Magonia #2: Agobard of Lyons May 20, 2013Posted by Beachcombing in : Medieval , trackback
Very few people who write on Magonia, describe the author who has preserved that land’s memory, or at least there is rarely more than a courtesy nod in the direction of Agobard of Lyons. Let’s, for the sake of novelty, go into more detail here. Perhaps the first thing to say about Agobard of Lyons (portrayed only figuratlively above, you don’t get ninth-century portraits!) is that Agobard was not actually from Lyons. Agobard was born, instead, somewhere in Visogothic Spain in 769. He was a young monk – an oblate – when the Saracens were tearing the kingdom apart and he became part of a group of monastic refugees that made their way over the Pyrenees in 782 (aged 13) to escape the sword of Islam. He became a priest in 804 (aged 35). By 816 (aged 47) he had become important enough in his adopted land (the French side of the Pyrenees) to be made bishop of Lyon: hence the name that posterity has given him. He died in 840 (aged 71) after having caused a lot of trouble.
There is little above to give us insights into the author of Against the absurd opinions of the people concerning hail and thunder (Contra insulsam uulgi opinionem de grandine et tonitruis), though it is always nice to be able to frame a writer with some basic dates. There are not many ninth-century men and women where we can give the kinds of details found in the last paragraph. More interesting than these bare bone facts are Agobard’s character and his intellect as they comes through in his writing: Hail and Thunder but also a dozen other works. Agobard is an interesting mix of a sceptic, an idealist and a fighter. Beach will take these points one by one.
Sceptic: Agobard’s American biographer, Allen Cabaniss sums up Agobard’s skepticism thus: ‘[Agobard] was an opponent of the reactionary elements of the time, the judicial ordeal, weather magic [relevant with Magonia], relic worship, pilgrimages, the excessive veneration of the saints, the use of images, Biblical obscurantism, [and] unrestrained ritualistic aberrations.’ Not enough is made of this skepticism, even in Cabaniss’s work. Of course, other Carolingian writers were doubtless skeptics about some of these points. But it is a repeating theme in Agobard’s work. Agobard had his Christianity, about which he wasn’t skeptical, of course, – drinking Christ’s blood in church was fine and dandy – but he balked at fringe beliefs and malpractice about which he was extremely vocal. He lacked, in fact, the world-wearniness and passivity of many ninth-century churchmen: he would gladly wade into the sea and fight the waves.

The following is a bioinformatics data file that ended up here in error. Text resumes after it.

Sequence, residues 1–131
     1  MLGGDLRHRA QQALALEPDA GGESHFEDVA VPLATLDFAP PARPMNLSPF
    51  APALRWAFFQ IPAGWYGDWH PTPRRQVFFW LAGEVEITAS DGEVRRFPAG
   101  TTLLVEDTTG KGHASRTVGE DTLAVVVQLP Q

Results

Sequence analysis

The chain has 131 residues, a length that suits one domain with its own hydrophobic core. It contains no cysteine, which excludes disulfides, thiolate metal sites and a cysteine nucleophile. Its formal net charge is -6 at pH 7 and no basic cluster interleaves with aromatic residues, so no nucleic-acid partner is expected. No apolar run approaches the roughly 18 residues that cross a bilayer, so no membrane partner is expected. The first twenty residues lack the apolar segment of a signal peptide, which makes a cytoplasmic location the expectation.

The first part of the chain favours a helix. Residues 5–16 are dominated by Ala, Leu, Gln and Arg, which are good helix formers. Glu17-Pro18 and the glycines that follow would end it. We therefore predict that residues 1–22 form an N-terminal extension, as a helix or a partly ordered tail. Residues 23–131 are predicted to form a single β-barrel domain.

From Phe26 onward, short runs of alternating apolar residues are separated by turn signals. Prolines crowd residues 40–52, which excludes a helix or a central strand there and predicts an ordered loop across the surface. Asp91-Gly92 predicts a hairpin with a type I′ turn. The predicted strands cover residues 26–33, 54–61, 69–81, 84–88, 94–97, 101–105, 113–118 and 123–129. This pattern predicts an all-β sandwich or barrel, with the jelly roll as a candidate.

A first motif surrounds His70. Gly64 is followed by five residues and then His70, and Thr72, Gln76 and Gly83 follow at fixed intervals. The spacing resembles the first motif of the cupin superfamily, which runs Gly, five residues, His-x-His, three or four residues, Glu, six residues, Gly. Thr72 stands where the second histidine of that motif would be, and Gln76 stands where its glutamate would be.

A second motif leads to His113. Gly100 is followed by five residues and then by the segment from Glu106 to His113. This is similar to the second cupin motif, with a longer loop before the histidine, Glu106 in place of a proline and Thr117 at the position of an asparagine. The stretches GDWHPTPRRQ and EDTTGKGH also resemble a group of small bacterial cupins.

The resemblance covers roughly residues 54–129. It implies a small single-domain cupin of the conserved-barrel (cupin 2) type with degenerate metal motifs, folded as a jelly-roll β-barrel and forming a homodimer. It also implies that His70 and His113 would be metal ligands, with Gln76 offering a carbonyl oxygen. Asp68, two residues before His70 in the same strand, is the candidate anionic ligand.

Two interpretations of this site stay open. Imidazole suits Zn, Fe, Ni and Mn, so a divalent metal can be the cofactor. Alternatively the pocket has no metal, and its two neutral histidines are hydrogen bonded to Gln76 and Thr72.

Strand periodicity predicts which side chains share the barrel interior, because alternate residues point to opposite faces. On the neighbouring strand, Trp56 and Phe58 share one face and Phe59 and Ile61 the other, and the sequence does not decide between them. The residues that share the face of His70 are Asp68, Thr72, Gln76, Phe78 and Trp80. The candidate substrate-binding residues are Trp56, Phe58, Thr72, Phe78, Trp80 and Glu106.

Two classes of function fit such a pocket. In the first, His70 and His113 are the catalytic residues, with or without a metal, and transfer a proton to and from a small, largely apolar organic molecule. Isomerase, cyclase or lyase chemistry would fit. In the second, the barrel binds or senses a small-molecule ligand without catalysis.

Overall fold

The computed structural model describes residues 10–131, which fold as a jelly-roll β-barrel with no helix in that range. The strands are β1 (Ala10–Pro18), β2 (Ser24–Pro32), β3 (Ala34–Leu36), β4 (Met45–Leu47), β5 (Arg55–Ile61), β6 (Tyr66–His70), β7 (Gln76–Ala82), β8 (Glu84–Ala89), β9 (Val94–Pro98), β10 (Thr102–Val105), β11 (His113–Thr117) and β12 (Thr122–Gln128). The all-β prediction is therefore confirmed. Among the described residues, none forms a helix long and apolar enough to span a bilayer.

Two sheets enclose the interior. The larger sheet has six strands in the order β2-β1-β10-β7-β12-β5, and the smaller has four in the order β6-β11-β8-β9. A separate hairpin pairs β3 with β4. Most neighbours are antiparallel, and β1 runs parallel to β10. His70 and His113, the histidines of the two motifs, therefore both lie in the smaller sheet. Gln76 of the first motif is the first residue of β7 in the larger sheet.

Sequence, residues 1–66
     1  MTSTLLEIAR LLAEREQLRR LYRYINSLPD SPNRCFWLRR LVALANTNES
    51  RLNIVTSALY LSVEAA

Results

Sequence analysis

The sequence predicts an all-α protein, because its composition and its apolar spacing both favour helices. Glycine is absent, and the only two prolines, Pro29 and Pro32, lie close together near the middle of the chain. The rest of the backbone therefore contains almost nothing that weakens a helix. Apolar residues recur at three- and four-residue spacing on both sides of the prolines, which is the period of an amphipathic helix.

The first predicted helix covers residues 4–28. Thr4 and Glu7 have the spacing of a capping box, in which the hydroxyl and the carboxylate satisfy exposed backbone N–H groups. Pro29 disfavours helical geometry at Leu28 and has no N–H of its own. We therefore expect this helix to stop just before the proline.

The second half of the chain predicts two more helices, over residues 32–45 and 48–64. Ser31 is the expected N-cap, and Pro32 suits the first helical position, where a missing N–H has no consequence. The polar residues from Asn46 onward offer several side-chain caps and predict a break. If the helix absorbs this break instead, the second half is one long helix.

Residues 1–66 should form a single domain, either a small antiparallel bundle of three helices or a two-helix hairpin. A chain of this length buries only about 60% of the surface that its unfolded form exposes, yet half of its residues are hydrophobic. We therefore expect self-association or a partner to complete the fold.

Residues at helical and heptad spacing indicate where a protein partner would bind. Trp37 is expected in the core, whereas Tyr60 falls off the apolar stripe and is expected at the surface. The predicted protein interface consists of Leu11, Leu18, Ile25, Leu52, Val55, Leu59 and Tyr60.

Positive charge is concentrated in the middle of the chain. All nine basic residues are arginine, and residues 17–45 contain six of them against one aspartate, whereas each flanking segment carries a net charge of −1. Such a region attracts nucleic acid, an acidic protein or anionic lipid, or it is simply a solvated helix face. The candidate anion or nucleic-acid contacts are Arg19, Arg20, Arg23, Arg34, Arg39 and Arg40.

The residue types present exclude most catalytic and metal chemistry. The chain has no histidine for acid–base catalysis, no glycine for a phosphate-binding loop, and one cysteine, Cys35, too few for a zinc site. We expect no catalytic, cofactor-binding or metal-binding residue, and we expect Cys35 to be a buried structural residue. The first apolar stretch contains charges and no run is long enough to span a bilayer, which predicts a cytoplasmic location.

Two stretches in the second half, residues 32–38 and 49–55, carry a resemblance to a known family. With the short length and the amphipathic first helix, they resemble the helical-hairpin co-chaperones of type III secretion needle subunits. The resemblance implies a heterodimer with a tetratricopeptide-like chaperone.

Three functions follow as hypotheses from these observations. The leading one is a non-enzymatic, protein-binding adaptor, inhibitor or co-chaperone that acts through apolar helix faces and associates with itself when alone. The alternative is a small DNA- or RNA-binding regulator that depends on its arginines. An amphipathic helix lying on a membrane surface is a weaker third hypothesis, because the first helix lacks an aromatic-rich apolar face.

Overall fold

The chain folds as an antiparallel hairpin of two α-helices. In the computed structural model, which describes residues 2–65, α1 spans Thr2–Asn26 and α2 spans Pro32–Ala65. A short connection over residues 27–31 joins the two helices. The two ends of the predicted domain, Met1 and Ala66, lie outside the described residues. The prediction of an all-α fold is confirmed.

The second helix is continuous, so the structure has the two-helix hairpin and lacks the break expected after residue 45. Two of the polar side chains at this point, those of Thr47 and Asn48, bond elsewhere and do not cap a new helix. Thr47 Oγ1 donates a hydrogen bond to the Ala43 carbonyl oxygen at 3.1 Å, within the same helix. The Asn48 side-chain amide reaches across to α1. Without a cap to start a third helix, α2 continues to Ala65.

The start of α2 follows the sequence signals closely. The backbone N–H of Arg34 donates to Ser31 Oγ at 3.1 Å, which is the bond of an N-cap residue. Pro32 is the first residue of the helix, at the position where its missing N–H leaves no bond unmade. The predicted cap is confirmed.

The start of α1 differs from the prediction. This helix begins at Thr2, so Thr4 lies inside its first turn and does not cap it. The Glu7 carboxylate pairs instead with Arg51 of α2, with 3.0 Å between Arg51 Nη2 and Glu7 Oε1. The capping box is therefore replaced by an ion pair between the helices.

Idealist: Agobard lacked this passivity because he was, at base, an idealist. He didn’t look for easy answers and he didn’t accommodate himself to power. This idealism comes out in even brief passages of his Latin. He is a hectorer and a trouble-maker: comparisons with the dreadful Tertullian are well made. When he disagrees with someone he is polemical and rips into them, if possible he rips several holes in them. If Alcuin (to name one ninth-century Christian whose work we know well) had been faced with Magonia, he would have shook his head (on the page) and then dismissed it all with a Virgillian tag and perhaps a line or two of his own hexameter or more likely, still, he wouldn’t have deigned to waste parchment. The existence of Magonia and associated beliefs offend, instead, Agobard’s sense of what is right and wrong. The best modern comparison in terms of sceptic would be with a virulent atheist (e.g. the tiresome Richard Dawkins): it is not enough that you don’t believe in God, you are offended by a universe where others dare to believe. Then you are never off the television…